Public urged to boycott foods that are still unnecessarily high in salt

CASH celebrates progress on salt reduction in the UK - public urged to boycott foods that are still unnecessarily high in salt

29th January

New research from Consensus Action on Salt and Health (CASH), to coincide with Salt Awareness Week (Jan 29th – Feb 4th), shows that many foods now have significantly less salt added than a few years ago.  Now that lower salt alternatives exist for nearly all categories of foods, the time has come for the consumer to boycott those that still have large and unnecessary amounts of salt added.

“CASH was set up 10 years ago, and was the first organisation to call for a sustained reduction in the amount of salt added to foods in order to lower blood pressure and thereby reduce the number of people dying and suffering from strokes and heart attacks, two of our biggest killers,” said Professor Graham MacGregor, Chairman of CASH.  “Over the years we have surveyed many food categories and highlighted the foods with the highest salt contents. In this latest survey, we revisited 127 products we have previously ‘named and shamed’ to see how their salt contents have changed. We also looked at some examples of high-salt foods for which lower-salt alternatives now exist.

“I am very pleased to say that two thirds of the foods we re-surveyed (66%) have reduced their salt concentration.  This is really good news, as research shows that for every 1 gram per day average reduction in the UK population’s intake of salt, 7,000 deaths from strokes and heart attacks would be prevented [Ref 1].  Birds Eye, New Covent Garden Soups, Heinz and most supermarkets should be congratulated on their progress in doing what we have asked for and reducing the amount of salt they add to their foods.  By the end of 2007 Walkers will have reduced their salt contribution to the British diet by 25% compared to the start of 2004 and we hope other snack manufacturers will follow their example.

“Most cornflakes in the UK now have around two thirds the amount of salt they contained in 2004, (a 30% reduction) and Quaker Oats have reformulated their Oat Krunchies into Oat Crisp with only a quarter of their previous salt content.  However, some products still contain very high levels of salt.  For instance we recently found a Sainsbury’s product – Oat and Bran Flakes – with 2.4g of salt per 100g. As a comparison, Atlantic seawater contains 2.5g of salt per 100g. With so many alternative cereals available with far lower salt contents, we want people to stop buying high salt products like this.”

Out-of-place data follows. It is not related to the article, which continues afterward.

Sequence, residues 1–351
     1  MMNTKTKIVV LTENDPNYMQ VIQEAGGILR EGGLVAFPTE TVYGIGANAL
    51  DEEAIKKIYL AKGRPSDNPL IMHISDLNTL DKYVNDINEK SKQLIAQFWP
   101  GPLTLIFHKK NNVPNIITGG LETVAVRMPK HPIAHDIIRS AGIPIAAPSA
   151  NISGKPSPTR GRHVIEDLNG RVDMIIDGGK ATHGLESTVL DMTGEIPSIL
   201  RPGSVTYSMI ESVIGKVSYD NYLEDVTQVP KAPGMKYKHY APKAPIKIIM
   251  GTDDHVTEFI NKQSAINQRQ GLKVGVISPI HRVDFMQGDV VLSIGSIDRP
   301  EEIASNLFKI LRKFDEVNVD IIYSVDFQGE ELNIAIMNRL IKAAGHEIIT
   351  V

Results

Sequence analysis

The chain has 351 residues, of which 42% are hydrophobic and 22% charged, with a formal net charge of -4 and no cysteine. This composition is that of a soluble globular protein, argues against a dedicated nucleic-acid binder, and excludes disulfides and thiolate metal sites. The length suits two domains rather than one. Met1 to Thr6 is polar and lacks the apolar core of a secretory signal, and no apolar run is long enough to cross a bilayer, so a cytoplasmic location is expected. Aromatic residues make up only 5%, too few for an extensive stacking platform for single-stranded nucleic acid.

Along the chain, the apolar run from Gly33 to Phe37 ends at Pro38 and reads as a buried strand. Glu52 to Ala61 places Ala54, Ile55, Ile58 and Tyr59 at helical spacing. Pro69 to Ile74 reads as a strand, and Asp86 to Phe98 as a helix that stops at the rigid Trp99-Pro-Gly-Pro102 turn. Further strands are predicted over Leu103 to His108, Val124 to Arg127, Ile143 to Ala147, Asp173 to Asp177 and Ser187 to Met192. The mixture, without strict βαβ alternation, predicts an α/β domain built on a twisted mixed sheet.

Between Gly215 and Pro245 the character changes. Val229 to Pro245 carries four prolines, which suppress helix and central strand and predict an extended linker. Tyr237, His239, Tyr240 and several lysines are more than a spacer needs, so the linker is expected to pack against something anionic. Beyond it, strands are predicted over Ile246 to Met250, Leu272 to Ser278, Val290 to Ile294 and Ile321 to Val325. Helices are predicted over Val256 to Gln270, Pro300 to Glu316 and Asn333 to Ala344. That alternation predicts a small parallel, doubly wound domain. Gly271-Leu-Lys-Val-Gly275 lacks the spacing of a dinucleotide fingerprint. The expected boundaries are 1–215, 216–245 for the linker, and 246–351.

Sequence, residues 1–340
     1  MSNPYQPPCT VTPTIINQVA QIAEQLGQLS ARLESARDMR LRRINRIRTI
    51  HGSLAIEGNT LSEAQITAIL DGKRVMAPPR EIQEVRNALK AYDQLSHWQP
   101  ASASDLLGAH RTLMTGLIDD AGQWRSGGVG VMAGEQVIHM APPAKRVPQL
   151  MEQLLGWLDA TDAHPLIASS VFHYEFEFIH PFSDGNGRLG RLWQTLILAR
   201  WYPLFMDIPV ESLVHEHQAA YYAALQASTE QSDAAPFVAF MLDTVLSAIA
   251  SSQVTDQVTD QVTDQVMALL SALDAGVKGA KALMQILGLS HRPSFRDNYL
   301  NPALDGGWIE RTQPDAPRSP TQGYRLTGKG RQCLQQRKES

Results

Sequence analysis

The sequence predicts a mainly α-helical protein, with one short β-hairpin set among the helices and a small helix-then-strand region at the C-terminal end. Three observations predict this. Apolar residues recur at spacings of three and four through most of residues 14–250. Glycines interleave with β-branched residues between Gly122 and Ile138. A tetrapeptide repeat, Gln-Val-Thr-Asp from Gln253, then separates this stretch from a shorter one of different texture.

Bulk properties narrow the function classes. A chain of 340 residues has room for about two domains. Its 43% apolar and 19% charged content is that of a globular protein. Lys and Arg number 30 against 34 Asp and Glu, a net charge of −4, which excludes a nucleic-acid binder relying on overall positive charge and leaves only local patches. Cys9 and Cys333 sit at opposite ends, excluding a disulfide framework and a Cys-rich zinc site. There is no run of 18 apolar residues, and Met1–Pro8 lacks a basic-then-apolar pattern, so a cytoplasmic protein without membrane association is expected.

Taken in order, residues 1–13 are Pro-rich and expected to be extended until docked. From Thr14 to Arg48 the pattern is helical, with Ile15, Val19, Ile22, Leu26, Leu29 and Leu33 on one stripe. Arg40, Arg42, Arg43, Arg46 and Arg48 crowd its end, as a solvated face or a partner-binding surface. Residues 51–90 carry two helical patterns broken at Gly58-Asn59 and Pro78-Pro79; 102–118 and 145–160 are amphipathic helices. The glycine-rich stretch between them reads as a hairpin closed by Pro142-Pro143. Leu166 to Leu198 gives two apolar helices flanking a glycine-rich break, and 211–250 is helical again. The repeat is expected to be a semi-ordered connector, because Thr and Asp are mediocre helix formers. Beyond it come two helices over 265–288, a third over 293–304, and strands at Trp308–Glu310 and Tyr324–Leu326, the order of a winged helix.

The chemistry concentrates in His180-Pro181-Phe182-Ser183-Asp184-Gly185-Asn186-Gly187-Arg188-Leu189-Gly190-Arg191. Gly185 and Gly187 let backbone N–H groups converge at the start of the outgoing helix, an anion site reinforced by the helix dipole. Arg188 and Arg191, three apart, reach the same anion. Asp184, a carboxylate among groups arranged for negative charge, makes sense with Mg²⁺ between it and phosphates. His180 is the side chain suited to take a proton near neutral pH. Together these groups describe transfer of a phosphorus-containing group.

Products found to have a high salt content include:  
• Peperami sticks, highlighted in March 2005, still have around 1.0g of salt per 25g stick, 4.0g salt per 100g.   One stick contains half a three year-olds total daily limit for salt.
• Dairylea Dunkers Twists, highlighted in December 2004, still have 2.3g of salt per 100g.  One pack contains a third of a six year-old’s daily limit.  
• Quaker Salt and Vinegar flavoured Snack-a-Jacks, contain 5.1 g salt/100g (1.5g of salt contained in a 30g bag, a quarter of an adult’s daily limit)
• Sainsbury’s / Tesco Crumpets contain 2.0g of salt per 100g (1.8g of salt per serving of two crumpets)
• Tesco Finest Tomato and Mascarpone Sauce (for pasta) – 2.3g salt per 100g
• Seeds of Change Creamy Tomato Soup - 3.9 g salt per 350g portion
• Batchelors Minestrone Cup a Soup with Croutons made up with 230ml water as directed – 2.4g salt per portion.

“These products, several of them aimed at children, are all high in salt, and would qualify for a ‘red’ label under the FSA traffic light labelling system,” said Jo Butten, Nutritionist for CASH.  “In every case there are lower salt alternatives on the market and we now feel that people should boycott these persistently high-salt products. If sales of these products fall, the manufacturers will be forced to reformulate them, so we would urge shoppers not to buy products that contain either more than 1.25g of salt (0.5g of sodium) per 100g or more than 2.4g of salt per serving.”